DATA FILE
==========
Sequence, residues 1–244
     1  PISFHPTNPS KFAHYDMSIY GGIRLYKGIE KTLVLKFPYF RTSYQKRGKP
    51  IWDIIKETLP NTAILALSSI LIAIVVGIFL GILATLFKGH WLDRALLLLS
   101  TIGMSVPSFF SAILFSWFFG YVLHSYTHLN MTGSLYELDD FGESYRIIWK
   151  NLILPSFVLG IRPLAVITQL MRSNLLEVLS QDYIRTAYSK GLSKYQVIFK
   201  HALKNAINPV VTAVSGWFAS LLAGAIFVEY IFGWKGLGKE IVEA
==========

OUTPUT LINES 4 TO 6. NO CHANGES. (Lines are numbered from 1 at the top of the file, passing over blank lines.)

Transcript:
   101  TIGMSVPSFF SAILFSWFFG YVLHSYTHLN MTGSLYELDD FGESYRIIWK
   151  NLILPSFVLG IRPLAVITQL MRSNLLEVLS QDYIRTAYSK GLSKYQVIFK
   201  HALKNAINPV VTAVSGWFAS LLAGAIFVEY IFGWKGLGKE IVEA